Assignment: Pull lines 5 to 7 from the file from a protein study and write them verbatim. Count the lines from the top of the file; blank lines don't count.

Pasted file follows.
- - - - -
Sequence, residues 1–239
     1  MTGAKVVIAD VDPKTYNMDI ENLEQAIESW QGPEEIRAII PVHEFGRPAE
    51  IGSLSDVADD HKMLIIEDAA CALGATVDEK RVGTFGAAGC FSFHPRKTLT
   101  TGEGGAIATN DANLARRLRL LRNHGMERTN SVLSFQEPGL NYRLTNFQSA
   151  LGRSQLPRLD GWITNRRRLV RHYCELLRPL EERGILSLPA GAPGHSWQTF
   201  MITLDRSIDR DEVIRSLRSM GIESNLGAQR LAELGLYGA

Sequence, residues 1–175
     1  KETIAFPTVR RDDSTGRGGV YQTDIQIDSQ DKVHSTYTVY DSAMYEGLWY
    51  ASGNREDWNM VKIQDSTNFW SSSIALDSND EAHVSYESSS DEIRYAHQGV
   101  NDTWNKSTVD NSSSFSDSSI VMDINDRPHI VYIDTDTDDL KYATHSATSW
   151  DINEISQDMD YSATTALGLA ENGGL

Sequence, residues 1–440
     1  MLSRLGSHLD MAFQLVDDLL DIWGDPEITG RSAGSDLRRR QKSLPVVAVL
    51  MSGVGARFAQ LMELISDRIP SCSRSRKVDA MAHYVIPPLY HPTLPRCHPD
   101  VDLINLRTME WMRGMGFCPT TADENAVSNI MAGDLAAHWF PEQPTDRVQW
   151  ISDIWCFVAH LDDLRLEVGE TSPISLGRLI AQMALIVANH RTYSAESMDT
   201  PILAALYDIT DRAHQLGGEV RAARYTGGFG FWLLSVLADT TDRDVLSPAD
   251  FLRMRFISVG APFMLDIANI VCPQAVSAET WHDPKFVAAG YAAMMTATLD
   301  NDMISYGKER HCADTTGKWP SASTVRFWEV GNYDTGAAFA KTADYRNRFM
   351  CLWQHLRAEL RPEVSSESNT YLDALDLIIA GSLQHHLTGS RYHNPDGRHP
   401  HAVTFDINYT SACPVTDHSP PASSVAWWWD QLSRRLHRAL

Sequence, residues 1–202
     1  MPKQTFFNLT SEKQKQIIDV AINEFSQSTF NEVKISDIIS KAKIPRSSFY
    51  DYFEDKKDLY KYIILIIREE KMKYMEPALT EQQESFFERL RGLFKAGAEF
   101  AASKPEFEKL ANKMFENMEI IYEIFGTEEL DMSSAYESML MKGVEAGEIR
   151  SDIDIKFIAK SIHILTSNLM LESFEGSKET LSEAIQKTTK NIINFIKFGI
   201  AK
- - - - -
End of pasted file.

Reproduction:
   151  LGRSQLPRLD GWITNRRRLV RHYCELLRPL EERGILSLPA GAPGHSWQTF
   201  MITLDRSIDR DEVIRSLRSM GIESNLGAQR LAELGLYGA

Sequence, residues 1–175